A year ago, exceptional drought — the most serious kind — covered 40 percent of California. As of Thursday, following weeks of heavy rain storms and massive dumps of mountain snow, exceptional drought has vacated the state.

The intensity and coverage of California’s drought has shrunk dramatically since October when 80 percent of the state was declared a drought area by the U.S. government’s Drought Monitor. Now just about half the state has drought conditions — entirely focused in central and southern California. The Drought Monitor indicated that Northern California was drought-free two weeks ago.

California’s 50 percent drought coverage is as low as it’s been since April 2013.

Over the past week, ” heavy to excessive precipitation pounded areas … through most of California,” the Drought Monitor said.

More rain fell in Los Angeles between Jan. 20 and 22 (4.18 inches) than it did in all of 2013 (3.6 inches). In January alone, L.A. has received more rain (8.38 inches) than it did not only in the entirety of 2013, but also 2012 (8.15 inches) and 2015 (7.66 inches).

January rainfall has been more than 200 percent of normal in San Francisco and other population centers in central California:

In the mountains, snowfall amounts have been incredible.

“Statewide average snowpack (snow water equivalent) is almost twice normal for late January, and somewhat more than twice normal in the southern Sierra Nevada,” the Drought Monitor reported. “Amounts actually exceed those typically recorded April 1.”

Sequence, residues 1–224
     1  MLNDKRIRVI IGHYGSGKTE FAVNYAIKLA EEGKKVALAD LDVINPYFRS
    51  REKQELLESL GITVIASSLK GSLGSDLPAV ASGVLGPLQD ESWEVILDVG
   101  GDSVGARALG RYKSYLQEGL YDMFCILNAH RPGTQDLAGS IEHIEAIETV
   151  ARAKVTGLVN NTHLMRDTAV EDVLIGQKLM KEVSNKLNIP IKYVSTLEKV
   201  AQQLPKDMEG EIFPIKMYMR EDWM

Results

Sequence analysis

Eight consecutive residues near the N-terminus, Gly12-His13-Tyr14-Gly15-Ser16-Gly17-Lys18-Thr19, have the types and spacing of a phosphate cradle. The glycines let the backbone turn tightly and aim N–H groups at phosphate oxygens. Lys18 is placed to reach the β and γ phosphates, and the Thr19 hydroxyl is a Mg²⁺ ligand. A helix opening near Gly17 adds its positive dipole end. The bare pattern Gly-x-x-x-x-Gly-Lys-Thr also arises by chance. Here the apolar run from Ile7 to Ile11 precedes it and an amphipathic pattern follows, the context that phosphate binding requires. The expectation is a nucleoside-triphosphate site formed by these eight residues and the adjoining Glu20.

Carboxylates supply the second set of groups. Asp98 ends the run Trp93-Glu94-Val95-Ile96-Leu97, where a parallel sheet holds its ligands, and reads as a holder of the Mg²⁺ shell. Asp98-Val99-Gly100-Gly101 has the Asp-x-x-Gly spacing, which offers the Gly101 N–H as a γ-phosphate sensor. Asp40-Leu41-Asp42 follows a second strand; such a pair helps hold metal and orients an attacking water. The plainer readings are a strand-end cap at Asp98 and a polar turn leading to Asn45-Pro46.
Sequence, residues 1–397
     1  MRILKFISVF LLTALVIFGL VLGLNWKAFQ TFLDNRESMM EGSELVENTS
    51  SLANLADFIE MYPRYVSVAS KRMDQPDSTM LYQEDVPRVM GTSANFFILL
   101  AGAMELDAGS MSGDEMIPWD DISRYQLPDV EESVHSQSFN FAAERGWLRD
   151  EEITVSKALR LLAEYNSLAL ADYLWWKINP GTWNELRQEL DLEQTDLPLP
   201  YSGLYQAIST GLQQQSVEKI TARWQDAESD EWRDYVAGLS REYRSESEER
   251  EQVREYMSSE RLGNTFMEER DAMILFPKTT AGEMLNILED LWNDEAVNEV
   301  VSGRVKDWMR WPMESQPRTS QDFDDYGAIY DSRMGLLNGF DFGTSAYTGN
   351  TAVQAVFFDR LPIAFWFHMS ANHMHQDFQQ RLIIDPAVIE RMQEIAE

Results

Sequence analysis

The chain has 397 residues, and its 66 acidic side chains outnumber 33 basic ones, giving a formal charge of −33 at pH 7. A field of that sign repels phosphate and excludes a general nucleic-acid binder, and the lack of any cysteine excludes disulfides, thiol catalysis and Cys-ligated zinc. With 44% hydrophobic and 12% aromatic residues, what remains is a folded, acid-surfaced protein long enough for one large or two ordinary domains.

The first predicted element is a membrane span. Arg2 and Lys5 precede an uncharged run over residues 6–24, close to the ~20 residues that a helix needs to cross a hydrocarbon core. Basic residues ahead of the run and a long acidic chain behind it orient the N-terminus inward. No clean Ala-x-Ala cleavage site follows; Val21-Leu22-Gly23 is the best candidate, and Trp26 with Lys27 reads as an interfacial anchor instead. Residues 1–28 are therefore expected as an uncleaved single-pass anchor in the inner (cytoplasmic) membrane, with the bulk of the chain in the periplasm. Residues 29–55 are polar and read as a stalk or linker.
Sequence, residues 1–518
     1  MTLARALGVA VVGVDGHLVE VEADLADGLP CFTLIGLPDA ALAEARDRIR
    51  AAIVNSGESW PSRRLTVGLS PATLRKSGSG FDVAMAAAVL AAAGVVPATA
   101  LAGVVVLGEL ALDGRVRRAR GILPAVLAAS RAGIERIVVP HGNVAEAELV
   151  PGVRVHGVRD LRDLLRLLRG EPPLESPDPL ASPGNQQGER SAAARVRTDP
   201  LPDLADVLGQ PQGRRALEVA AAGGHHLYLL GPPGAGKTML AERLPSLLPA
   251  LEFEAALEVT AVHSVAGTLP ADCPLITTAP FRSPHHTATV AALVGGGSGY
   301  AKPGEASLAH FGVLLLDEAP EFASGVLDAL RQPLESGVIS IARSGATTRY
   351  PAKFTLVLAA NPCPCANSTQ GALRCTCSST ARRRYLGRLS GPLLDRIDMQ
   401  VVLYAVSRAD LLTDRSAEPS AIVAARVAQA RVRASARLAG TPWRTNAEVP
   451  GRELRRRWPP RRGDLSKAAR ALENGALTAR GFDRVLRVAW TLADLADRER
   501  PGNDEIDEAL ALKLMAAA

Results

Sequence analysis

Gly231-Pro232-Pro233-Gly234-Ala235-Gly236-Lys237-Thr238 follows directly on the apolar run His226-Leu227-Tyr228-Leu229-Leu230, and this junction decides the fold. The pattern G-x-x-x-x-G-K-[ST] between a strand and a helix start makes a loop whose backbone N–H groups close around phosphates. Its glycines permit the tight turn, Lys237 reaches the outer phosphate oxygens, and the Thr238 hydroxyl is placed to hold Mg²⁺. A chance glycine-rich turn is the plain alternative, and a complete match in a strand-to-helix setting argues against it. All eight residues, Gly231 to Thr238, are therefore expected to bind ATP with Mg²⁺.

A mind-boggling 20 feet of snow, the most on record, has buried Mammoth Mountain, a popular ski area in the Sierra Nevada:

Considerable portions of California have already received at least half of their annual precipitation just one month into the year.

While the drought intensity has lessened in southern and central California and is no longer “exceptional,” the Drought Monitor shows that severe to extreme drought conditions persist over about half this area. In the central foothills on the eastern side of the San Joaquin Valley, “groundwater levels have not responded as one might expect, and remain critically low,” the Drought Monitor said. “Potable water is still being trucked in to serve residents with dry wells in areas.”

Dry weather is forecast in California for the next five or six days before the next wave of storms potentially moves in. The National Weather Service precipitation outlook predicts a high likelihood of above-normal precipitation in six to 10 days, which would further the dent the drought.